It's been an exciting winter at the Born Free USA Primate Sanctuary! We've been busy as ever, attending to the more than 600 monkeys in our care. It's constant work, but it's also rewarding. These monkeys rely on us, and we do everything in our power to give them the healthy, social lives that they were sadly denied prior to their arrival at the sanctuary. Whether confined to a research lab or to a cage in someone's garage-deprived of the warming sun on their faces, grass beneath their feet, proper nutrition, and the companionship of other monkeys-they had never experienced the quality of life intended by nature.
I often think about how their prior lives must have felt for them. Discomfort, pain, fear... and such boredom.
Primates, of all species, are highly intelligent, active, and curious. These attributes are expressed in a number of different ways, but boredom is perhaps the most telling sign of intelligence. It indicates a capacity for mental stimulation that is, unfortunately, unmet.
Primates who live natural lives in the wild are involved in an exciting, dangerous, and fulfilling world from the moment they are born. As they mature, these incredible beings spend every moment of the first few years with their mothers, each segment in time immersed in rich sensory input.
Clinging to thick fur and pressed close against a warm body, the youngsters are continuously taking in important information. They stare wide-eyed as a strong male defends the troop, and then shrink against their mothers' bodies when a higher ranking female shows her disapproval.
They learn the alarm calls of their closest relatives and, by example, learn what is good to eat and what is not. They develop incredible acrobatic skills as part of their daily activities-and, sometimes, their very survival depends on it.
When you see pictures or videos of primates living in the wild, without human influence, you see animals truly engaged in their environment and free from unnatural stress. They are immersed in their lives, living each moment to the fullest. That is truly the essence of a wild life.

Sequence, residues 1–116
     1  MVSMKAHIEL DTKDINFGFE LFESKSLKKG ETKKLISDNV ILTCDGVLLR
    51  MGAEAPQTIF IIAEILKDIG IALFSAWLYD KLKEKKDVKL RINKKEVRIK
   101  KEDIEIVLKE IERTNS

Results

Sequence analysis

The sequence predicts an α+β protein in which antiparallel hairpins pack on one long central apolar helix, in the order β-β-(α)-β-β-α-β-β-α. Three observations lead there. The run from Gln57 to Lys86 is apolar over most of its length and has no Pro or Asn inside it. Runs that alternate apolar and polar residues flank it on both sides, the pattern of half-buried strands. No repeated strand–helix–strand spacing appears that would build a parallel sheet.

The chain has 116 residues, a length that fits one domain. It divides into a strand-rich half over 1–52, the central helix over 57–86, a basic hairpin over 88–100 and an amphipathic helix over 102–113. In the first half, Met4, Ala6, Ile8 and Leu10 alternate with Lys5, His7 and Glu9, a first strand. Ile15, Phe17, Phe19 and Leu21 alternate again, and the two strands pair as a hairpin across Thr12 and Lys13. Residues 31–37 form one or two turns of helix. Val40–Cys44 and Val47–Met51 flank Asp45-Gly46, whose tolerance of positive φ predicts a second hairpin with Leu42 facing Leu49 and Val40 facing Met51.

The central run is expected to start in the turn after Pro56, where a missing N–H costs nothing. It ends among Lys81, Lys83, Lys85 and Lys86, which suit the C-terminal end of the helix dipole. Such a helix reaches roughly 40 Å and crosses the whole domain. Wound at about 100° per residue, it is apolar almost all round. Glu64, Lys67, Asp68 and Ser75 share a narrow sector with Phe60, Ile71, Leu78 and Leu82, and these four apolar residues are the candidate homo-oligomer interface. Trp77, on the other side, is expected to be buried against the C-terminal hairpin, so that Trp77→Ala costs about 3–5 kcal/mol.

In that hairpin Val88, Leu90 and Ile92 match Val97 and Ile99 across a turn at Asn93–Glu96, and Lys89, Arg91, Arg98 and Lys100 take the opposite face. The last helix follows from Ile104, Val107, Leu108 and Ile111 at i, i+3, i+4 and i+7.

But, things change dramatically-and not for the better-when our wild cousins are utilized in research or entertainment, or are forced into a life as a pet in someone's household.
For them, every natural instinct has been suppressed. They don't mature with their mothers' fur grasped in their tiny hands, and they don't have the troop's wisdom to guide them. Instead, they are kept in steel cages or wrapped in human clothes and fed human food, most often without ever seeing another of their own kind. Those raised for the pet trade suffer an even greater tragedy, as they are stolen from their mothers at only a few days old.
You will likely never see a wild primate bite himself. You will never see a normal, wild macaque spin in circles while trying to remove his own foot. You will never see a wild primate huddle in a corner, chewing on his arm.
But, these behaviors are common in those raised unnaturally by humans who confine them.
Denied a natural upbringing, along with a lack of consistent and natural enrichment, they lead lives of frustration and boredom, which adds to an already damaged psyche. This frustration must have an outlet, and they learn to cope with their anxiety by biting, spinning, pulling hair, and other unnatural behaviors that serve to release stress.
For our sanctuary primates who have come from unnatural and often abusive situations, the damage has been done. The most healing thing we can do is provide them with an enriched environment and, hopefully, the company of another monkey.
To see Gilbert run across the enclosure and then wrap himself in a blanket is both heartbreaking and heartwarming. When Natalia and Nigel play tug of war with a wet towel, we see their eyes light up with excitement. When Amiya climbs a tree and spends an hour playing with a baby rattle, we see her intense focus. And, when we see blind Patty gently pull a fragrance-soaked blanket to her face and revel in her other senses, we glimpse the intelligence and richness inherent in the lives too often taken for granted.
For the primates, Tim